Powerful Women in Hausaland's History: Inna Leaders and Bori Cult Influencers
Though many title holders and monarchs in Nigeria no longer administer over their various kingdoms, their roles in our society are now custodial—holding our traditions and history. These monarchies have the only semblance of what our communities resembled before imperialism.
In Northern Nigeria, they hold the history before the Fulani Jihad introduced Islam and what some scholars believe led to erasing some of the region's customs. Therefore it is pertinent to evaluate these monarchies to establish and understand women’s roles in the kingdoms they ruled over.
The Hausa-speaking kingdoms that dominated Northern Nigeria within the 14th-16th centuries all had various positions reserved for women. At the time, the kingdoms all fought against each other for dominance. By the 16th century, The kingdom of Zazzau, (modern-day Zaria in Kaduna state), was the most dominant of all these kingdoms, from Queen Barkwa Turunka and her daughter, Queen Amina.
Their rule established Zazzau’s dominance and laid a formidable history of women’s role in conquest, government and administration in Hausa Land. In post-jihad Sokoto, Nana Asmau was an influential figure. In Zamfara, the office or title of Yargoje was an established office controlled by women.
Inna System of the Gobir Kingdom
Other names in other parts of Hausaland knew the Inna. When asked about the existence of female title holders in the Hausa Kingdoms, Professor Jimada of the History Department of Ahmadu Bello University, Zaria, mentions that they existed but varied from one kingdom to the other, commonly called Magajiya others were known as Iya, and Mardanni.
The title of Sarauniyar, or the female head of the Gobir kingdom, was named Inna. According to a paper presented in 2018 by Abdullahi Ibrahim Gobir, the inna served a central political role in the kingdom. The King appointed her and was of the same lineage as he was.
She collected taxes along with her appointed subordinates from artisans, butchers, farmers and others. She acted as regent when the king was not around. Her home served as a dwelling place for Royal brides and grooms. The Inna was also regarded as a warrior often required to go to the battlefield. One of her epithets was maidamara(r) fama "one (or she) who girds for toil", always ready for war. The inna dressed distinctly. She wore boots, trousers and a Turban adorned with a traditional cap. These clothes were worn to take away from her femininity.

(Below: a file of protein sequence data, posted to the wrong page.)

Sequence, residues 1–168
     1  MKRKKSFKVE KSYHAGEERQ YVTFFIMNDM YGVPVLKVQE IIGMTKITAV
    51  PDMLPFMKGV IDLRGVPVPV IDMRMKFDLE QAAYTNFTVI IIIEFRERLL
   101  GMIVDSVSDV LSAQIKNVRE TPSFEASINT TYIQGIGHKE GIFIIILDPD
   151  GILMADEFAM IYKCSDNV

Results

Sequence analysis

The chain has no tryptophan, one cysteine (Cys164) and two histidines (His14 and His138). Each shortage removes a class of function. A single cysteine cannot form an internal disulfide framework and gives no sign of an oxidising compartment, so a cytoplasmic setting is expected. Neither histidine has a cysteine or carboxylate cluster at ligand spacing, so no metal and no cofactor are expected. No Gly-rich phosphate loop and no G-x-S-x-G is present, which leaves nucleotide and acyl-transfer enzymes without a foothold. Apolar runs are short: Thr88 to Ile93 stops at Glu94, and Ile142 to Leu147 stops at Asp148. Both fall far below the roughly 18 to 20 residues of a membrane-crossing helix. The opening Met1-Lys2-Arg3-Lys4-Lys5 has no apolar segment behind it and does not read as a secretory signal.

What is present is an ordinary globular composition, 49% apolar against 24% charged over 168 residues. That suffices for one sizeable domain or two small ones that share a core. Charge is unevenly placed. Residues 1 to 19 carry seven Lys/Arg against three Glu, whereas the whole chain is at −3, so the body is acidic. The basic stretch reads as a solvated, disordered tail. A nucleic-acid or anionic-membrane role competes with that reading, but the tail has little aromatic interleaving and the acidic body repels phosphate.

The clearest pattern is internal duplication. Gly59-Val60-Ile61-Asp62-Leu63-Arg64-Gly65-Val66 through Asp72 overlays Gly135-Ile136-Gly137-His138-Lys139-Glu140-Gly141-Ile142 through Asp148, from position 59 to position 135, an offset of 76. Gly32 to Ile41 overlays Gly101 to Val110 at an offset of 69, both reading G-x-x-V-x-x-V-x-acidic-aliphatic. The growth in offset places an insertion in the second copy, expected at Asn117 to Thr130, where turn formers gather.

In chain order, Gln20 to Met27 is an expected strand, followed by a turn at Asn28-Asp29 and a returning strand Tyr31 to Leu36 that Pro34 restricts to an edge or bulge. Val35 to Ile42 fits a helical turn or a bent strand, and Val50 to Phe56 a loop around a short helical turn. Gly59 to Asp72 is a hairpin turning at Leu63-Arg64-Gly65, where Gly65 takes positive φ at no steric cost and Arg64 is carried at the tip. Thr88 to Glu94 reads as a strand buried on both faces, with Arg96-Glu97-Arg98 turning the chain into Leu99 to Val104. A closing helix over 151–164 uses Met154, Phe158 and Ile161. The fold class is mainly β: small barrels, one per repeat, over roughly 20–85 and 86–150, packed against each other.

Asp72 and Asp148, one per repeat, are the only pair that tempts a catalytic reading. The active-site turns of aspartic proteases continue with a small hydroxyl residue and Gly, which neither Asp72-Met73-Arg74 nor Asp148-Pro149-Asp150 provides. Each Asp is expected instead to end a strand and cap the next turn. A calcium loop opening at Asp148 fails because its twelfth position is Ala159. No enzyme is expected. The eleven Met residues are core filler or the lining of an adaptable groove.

Although women's roles contended with the jihad, the office of Inna survived until 2003. After the reign of Inna Atumbulla, no other Inna has been appointed ever since.
Influence and Leadership of the Bori cult
Bori is a traditional religious practice of the Hausa people. It involves the invoking of spirits (Iskoki) by beating drums to appease the spirits. When they are not, they cause sickness and ill fate. Bori is one of the Hausa people's traditional religious practices and beliefs, indigenous to them as it was once thought that they predate the appearance of the earliest forms of state formation in Hausaland.
The Bori has been seen as primarily a female activity since it first emerged among the Gobirwa people. There have been many definitions of scholars as to what Bori is. Some scholars believe Bori is a territory dominated by women ruled by women to fight for their rights and advance their societies.
According to a paper published in the International Journal of Arts and Humanities, Ethiopia Inna was a member of the Bori cult. She had overall power over all the Gobirawa women, or more specifically, the Bori adepts in the kingdom, even though she hardly ever performed Bori.
In the entire Gobir Kingdom, she is regarded as outstanding in healing and divination.
“Indeed, the Inna was portrayed as having a tremendously imposing presence; no one dared let her booted feet contact the earth; instead, mats were placed up for her to walk on. She was brilliant and looked after widows, orphans and children. Except when the situation required a different response from her, she was calm and nice. She was kind and shared wealth equitably; she never abused any trust placed in her, and she supported her kin,” reads a quote from the Journal by A.B Bawa.
The Bori cult existed before Islam was introduced to the Gobirawa. Since the creation of the states, it has aided the Gobir people, particularly those who firmly believed in it, in many aspects of their lives. The 1804 Jihad significantly changed politics, society, demography, culture, religion, economy, and thought. Essentially, this movement denounced Bori as a nonreligious form of devil possession. But once Gobir refugee women entered the Caliphate through conquest, Bori gained even more significance.
For the women to be able to deal with the realities of their new predicament, they required healing and regeneration. As they struggled with isolation, disorientation, and personal loss, several experienced physical and mental disorders. As the chief, Inna's office has been vital as the leader of all Bori practitioners, whose approval was sought in matters of the state. Inna was actively involved in combating the oppression, exploitation, discrimination, and subordination of women in both her roles as a leader of the Bori and as a political officeholder.
Professor Jimada confirms the influence of the Bori cult and its female leadership. “I am not aware of their influence post-Jihad and even in the modern world, but in a pre-jihad era, the Bori cult was an influential part of Hausa customs and traditions.”